For example, the teeth of some animals are so big and sharp that it becomes a major problem to figure out how they may have used them. The hunting techniques of Pleistocene era saber-toothed cats are still a mystery to paleontologists. One of the most enduring mysteries about the dinosaurs is what happened to them. Many scientists believe that the last of the dinosaurs was wiped out 65 million years ago by a gigantic asteroid that slammed into the Earth near what is now Mexico's Yucatan Peninsula. But although the evidence for the cataclysmic arrival of the asteroid at the place known as Chicxulub is certain, everything that followed (or didn't) is not. Did it trigger global wildfires? Thousand-foot-tall tsunamis? Yearlong acid rains? A million years of volcanic activity? All of the above? None of the above? The jury is still out.
In "Beasts of Eden," David Rains Wallace has framed his study of the evolution of mammals around Rudolf Zallinger's mid-1940s mural "The Age of Mammals" at Yale University's Peabody Museum in New Haven. (Zallinger also painted a larger one, the "Age of Reptiles," but its contents are not so closely related to the subject of Wallace's book, which is subtitled "Walking Whales, Dawn Horses, and Other Enigmas of Mammal Evolution.") Wallace loves this mural. In fact, he compares it to Michelangelo's Sistine ceiling and says, "[W]hatever their differences, history impels us to view them both as mythological evocations of deep time."
I'm not sure that the Sistine ceiling evokes "deep time," except perhaps that the Bible was written a few thousand years ago, and anyway, in Michelangelo's day, everybody probably believed that the Earth and everything else was formed in six days by God's decree. Zallinger's mural, while large and imposing, is not terribly accurate in light of what we now know about early mammals, so it is a curious framework at best. But if Wallace wants us to see the evolution of mammals in terms of Zallinger's depictions, he might have included more illustrations from it.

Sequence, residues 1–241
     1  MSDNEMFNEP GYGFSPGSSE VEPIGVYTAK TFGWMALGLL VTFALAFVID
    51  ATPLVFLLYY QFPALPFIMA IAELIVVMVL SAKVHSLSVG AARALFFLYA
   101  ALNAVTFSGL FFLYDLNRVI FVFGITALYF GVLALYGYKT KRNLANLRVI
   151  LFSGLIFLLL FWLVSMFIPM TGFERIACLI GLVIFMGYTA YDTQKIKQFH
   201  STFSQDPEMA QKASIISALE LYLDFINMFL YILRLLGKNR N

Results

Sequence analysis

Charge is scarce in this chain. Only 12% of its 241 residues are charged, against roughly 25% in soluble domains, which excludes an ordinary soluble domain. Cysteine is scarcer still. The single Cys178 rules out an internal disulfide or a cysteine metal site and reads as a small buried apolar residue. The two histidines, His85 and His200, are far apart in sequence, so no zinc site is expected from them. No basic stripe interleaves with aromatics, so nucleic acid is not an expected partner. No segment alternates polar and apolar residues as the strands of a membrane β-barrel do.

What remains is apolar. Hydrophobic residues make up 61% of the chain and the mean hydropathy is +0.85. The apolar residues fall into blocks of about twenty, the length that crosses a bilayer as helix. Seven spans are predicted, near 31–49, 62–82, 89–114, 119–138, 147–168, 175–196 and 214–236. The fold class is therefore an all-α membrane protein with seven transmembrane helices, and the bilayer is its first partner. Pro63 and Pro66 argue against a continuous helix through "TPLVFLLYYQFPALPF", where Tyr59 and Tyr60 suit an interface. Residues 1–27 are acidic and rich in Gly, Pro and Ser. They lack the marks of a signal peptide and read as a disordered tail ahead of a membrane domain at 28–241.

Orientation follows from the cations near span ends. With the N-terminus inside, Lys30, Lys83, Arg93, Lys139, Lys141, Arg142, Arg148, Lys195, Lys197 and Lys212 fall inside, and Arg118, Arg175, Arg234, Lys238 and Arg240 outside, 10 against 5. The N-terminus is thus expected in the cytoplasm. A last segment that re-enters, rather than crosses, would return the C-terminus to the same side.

Larson, who won a Pulitzer Prize in 1998 for his book about the Scopes trial, revisits that historic day in 1925 when John Scopes was found guilty and fined $100 for teaching in the public schools of Rhea County, Tenn., "a certain theory that denied the story of the divine creation of man, as taught in the Bible, and did teach instead thereof that man had descended from a lower order of animals." Larson discusses the early 20th century anti-evolution movement, but he does not address the battle between the creationists and the evolutionists that is still being fought.
There are many who cleave to the notion that the origin of species was the handiwork of God and for whom the Bible serves quite nicely, thank you, as an explanation of how Earth and its inhabitants were created. For many, the "theory of evolution" is but one theory, and they see no reason why alternative ones shouldn't also be taught to schoolchildren. In his 2003 book "Creation: Evidence of God's Design," Grant R. Jeffrey, a former financial planner from Canada who earned a doctorate in Bible studies from Louisiana Baptist University, writes:
"Despite the fact that the theory of evolution has been almost universally embraced by scientists, intellectuals, educators, and the media for over a century until quite recently, new scientific discoveries in the last two decades have revealed that evolution is now collapsing."
It isn't, of course, but we find ourselves living in a time when the teaching of evolution is being challenged. Yes, there are gaps in the fossil record, but the absence of evidence is not evidence of absence. As sure as God made little green apples, evolution occurred. As we understand it, evolution is a magnificent -- but unfinished -- symphony. Let Larson and Wallace conduct it for you. *